Today, however, I do not want to look so much at the issue of Palestinian statehood, but rather at that the ‘Ur-question’ – the question behind the question, the question that we can and should ask of every State, actual and potential. And that question is about who represents the State in its relations with other States, and by what right or claim, and about whether this is a matter of international legal concern.

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UNESCO Approves Palestinian Membership Bid – A Case for US Countermeasures Against the Organization?

Published on November 8, 2011        Author: 

Christiane Ahlborn is Ph.D. Candidate at the Amsterdam Center for International Law and member of the project on Shared Responsibility in International Law (SHARES)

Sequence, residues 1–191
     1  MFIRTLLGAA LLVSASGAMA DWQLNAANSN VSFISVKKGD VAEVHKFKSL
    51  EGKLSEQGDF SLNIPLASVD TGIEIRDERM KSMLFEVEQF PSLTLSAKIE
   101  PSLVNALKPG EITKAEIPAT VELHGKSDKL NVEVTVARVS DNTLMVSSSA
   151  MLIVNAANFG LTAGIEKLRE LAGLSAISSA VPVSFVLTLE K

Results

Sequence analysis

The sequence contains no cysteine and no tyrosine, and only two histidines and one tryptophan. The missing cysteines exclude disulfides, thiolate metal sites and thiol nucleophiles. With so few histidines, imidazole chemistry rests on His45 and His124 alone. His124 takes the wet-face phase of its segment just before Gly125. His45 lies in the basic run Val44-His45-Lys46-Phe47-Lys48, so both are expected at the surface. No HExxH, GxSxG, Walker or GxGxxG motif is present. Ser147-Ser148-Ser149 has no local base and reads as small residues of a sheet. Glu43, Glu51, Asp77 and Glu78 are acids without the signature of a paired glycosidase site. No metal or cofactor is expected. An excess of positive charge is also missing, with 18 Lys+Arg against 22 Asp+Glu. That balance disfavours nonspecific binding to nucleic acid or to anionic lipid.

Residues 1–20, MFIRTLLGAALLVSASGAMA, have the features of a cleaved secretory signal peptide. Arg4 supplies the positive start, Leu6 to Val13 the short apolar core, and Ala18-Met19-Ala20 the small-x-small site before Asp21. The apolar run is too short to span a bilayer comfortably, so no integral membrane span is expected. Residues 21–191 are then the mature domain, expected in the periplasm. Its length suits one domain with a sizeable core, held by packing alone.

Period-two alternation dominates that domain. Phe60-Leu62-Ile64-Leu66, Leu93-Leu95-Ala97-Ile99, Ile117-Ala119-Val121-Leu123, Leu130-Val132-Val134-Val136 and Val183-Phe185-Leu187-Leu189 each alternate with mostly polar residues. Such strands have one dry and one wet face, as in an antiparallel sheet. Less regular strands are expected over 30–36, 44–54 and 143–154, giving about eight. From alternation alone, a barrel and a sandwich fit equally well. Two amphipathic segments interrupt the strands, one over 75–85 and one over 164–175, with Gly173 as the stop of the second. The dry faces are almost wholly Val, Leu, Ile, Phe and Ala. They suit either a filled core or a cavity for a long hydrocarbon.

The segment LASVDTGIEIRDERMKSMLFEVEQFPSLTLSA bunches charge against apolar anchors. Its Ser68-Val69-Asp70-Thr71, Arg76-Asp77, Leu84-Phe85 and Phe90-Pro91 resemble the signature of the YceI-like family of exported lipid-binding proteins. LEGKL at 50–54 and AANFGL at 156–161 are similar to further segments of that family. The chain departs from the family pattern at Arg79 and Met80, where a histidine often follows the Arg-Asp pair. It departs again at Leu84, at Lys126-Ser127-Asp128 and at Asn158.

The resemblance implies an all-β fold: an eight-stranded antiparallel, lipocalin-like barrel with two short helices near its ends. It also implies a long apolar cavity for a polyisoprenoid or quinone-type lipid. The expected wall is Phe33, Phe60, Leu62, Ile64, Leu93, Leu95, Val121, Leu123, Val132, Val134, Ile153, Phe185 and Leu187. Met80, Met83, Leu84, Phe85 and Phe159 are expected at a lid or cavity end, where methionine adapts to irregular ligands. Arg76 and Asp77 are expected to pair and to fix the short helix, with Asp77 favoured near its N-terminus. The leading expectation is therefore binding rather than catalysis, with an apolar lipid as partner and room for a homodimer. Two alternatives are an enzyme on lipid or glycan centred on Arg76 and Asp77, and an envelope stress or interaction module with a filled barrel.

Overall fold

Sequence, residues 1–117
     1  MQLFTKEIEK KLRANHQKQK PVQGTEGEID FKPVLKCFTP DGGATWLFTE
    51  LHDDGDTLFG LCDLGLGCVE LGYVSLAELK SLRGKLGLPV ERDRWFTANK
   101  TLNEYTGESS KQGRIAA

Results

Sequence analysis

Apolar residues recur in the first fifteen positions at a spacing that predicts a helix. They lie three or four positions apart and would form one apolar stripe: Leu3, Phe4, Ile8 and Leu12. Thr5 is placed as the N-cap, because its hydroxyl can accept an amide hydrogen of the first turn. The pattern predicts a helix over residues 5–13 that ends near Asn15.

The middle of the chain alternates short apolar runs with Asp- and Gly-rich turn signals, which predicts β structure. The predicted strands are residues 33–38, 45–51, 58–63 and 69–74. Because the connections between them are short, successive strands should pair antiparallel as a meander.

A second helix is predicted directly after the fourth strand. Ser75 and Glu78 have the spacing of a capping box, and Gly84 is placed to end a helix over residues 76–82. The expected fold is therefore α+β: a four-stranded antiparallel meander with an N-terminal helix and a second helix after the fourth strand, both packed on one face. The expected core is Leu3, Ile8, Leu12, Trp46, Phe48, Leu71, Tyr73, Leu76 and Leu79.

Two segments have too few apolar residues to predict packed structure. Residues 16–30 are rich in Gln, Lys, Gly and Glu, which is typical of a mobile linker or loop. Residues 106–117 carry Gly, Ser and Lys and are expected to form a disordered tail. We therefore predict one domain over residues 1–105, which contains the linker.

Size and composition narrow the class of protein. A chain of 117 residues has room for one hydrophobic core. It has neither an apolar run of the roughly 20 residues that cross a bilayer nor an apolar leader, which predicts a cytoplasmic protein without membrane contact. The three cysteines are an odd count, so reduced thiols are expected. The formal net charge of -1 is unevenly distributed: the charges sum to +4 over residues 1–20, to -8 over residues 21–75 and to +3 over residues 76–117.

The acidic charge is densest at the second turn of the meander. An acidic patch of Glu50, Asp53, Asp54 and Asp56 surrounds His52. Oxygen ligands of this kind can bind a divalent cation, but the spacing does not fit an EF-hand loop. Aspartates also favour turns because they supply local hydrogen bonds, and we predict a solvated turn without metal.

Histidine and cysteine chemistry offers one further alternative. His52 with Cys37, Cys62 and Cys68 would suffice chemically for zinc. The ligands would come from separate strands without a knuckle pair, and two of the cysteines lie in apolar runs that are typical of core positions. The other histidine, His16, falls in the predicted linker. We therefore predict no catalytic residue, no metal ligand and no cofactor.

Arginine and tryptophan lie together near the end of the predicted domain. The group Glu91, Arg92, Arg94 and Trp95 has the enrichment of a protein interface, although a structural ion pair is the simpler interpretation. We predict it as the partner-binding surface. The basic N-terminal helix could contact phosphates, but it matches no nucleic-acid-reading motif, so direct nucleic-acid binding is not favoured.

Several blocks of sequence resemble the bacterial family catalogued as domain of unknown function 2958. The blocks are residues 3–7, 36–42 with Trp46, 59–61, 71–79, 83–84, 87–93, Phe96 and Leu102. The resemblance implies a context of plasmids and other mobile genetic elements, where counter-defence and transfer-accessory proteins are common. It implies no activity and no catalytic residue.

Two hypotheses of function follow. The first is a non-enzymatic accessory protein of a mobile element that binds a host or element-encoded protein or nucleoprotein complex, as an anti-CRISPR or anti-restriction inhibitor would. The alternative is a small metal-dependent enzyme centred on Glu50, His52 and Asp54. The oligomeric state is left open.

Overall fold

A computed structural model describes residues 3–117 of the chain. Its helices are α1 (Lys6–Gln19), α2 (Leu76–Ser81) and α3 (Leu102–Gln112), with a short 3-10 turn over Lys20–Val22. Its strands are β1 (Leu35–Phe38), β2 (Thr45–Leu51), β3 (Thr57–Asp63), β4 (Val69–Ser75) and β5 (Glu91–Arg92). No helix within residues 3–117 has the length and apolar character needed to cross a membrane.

On 31 October 2011, the UN Educational, Scientific and Cultural Organizations (UNESCO) approved the bid of Palestine for full membership with the necessary two-thirds majority. Although 107 UNESCO States voted in favor of Palestinian membership, the approval also faced notable opposition by 14 States. The overall number of 173 votes cast included 52 abstentions. Among the States voting against the bid were the United States, Canada and several EU member States, including Germany and the Netherlands. While the diverging positions of EU member States thus reveals once again the lack of unanimity in EU external relations policy, the US disapproval of the Palestinian UNESCO membership may have more serious consequences at the level of US-UNESCO relations. For after the approval of Palestine’s membership bid, the US immediately announced that it would cut off its funds to UNESCO, which amount to 60 million USD annually. This decision is based on several US laws that prohibit the US government to provide funds to any United Nations agency or affiliated organization that “accords the Palestine Liberation Organization the same standing as member states” (see P.L. 101-246, Title IV [1990] and P.L. 103-236, Title IV [1994]).